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Creosote and its Use as a Wood Preservative

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Chemical Review Manager: Jacqueline Cambpell-McFarlane (campbell-mcfarlane.jacqueline@epa.gov), 703-308-6416 if there are any accesibility issues please call the chemical review manager.

Current as of November 2008

EPA has completed its reregistration eligibility decisions (RED) for the heavy duty wood preservatives chromated arsenicals, pentachlorophenol, and creosote.  In general, EPA has determined that the compounds contribute benefits to society and are eligible for reregistration provided the mitigation measures and associated label changes identified in the REDs are implemented and required data are submitted.  In its risk assessments, the Agency identified risks of concern associated with occupational exposure (i.e., treatment plant workers) to all three preservatives and ecological exposure to pentachlorophenol and creosote.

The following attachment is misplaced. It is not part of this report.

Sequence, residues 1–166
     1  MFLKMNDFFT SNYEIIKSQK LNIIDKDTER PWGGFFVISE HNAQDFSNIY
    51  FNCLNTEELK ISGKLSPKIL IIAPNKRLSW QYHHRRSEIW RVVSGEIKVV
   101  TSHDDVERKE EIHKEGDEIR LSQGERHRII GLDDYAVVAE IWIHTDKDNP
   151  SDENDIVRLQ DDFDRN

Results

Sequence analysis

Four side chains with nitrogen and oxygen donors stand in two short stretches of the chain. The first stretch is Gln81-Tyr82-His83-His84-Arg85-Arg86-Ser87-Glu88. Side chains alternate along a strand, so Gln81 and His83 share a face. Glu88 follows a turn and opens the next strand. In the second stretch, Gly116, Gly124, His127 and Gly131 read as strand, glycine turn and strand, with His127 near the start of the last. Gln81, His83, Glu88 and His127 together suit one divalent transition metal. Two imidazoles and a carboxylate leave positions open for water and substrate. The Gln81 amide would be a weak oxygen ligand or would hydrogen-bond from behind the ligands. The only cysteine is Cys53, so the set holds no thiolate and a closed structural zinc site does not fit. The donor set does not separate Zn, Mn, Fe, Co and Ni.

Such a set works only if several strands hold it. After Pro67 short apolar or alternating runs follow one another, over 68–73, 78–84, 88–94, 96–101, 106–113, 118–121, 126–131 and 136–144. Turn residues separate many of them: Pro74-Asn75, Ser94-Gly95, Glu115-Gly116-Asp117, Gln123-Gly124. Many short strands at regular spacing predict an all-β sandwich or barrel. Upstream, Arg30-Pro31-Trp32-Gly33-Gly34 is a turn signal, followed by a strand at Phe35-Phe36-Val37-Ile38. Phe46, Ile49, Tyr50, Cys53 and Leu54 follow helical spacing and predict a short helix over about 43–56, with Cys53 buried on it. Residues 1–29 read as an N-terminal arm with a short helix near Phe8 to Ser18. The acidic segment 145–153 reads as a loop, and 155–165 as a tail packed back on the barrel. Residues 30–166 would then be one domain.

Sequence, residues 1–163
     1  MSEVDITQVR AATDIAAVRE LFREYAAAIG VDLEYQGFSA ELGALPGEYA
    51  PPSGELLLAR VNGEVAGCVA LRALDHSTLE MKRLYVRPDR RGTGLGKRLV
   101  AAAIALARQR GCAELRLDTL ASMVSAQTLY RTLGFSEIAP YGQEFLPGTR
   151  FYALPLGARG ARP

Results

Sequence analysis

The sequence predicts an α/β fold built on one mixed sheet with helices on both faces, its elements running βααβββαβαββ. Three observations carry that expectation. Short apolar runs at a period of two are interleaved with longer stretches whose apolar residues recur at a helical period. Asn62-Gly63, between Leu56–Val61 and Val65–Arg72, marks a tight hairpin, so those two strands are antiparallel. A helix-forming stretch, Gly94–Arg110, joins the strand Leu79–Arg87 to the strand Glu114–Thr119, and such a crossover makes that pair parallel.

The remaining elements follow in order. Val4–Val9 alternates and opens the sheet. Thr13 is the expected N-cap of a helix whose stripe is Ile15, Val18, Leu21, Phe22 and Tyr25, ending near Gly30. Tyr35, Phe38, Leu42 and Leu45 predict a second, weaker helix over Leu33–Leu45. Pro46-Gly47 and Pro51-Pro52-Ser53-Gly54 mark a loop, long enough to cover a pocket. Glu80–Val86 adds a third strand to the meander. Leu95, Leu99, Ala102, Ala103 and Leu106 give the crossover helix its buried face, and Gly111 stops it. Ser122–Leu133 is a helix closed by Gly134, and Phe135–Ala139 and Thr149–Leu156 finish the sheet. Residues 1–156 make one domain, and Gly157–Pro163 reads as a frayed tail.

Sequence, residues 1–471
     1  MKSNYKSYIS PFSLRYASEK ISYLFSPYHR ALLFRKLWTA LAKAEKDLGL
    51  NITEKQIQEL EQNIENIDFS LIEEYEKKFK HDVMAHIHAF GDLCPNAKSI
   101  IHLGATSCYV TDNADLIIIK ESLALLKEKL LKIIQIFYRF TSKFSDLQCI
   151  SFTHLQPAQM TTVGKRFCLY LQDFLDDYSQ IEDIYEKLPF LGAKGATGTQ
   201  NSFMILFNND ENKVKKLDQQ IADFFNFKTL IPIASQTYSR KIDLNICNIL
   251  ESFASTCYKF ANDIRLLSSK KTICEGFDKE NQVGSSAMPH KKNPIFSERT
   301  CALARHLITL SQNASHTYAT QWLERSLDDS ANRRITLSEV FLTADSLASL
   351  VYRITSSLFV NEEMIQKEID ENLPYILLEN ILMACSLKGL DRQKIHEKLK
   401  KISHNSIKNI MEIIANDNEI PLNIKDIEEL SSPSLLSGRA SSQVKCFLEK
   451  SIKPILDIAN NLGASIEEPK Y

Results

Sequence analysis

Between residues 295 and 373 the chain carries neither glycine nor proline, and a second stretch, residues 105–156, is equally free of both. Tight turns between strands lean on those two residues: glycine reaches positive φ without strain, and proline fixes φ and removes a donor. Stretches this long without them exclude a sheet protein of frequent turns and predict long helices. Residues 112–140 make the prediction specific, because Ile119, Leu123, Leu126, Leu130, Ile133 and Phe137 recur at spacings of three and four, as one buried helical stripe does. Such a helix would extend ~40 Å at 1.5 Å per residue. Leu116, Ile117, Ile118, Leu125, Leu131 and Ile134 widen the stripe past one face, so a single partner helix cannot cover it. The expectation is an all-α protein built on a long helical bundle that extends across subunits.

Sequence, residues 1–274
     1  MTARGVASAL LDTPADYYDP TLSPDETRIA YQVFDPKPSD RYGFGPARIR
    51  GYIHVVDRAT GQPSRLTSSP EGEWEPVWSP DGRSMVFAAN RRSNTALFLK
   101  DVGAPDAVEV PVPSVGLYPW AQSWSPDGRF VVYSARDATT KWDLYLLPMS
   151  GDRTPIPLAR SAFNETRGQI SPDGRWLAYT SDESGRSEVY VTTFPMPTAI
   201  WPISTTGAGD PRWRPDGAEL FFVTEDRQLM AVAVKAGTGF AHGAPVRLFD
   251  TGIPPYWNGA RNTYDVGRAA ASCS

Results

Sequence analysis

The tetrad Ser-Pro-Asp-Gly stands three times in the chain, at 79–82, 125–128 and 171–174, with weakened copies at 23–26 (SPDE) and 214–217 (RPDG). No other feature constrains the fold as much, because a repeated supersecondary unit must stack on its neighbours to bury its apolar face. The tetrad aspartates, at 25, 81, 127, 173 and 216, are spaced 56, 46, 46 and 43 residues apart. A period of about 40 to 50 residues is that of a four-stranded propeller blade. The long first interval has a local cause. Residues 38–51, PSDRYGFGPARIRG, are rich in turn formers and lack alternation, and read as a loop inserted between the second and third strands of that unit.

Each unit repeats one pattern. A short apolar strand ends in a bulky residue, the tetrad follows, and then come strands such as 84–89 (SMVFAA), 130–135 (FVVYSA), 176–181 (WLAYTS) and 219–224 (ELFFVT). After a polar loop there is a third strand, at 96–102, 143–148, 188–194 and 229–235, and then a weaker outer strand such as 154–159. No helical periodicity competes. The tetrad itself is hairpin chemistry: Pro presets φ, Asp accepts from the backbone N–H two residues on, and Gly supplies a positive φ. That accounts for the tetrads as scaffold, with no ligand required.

Creosote is a wood preservative used for commercial purposes only; it has no registered residential uses. Creosote is obtained from high temperature distillation of coal tar (itself a mixture of hundreds of organic substances), and over 100 components in creosote have been identified. It is used as a fungicide, insecticide, miticide, and sporicide to protect wood and is applied by pressure methods to wood products, primarily utility poles and railroad ties.

EPA reassessed creosote as part of its reregistration program for older pesticides. The Reregistration Eligibility Decision (RED) for creosote was signed on September 25, 2008. Federal law directs EPA to periodically reevaluate older pesticides to ensure that they continue to meet current safety standards.

Timeline for Reregistration/Risk Assessment

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Creosote Regulatory Status:

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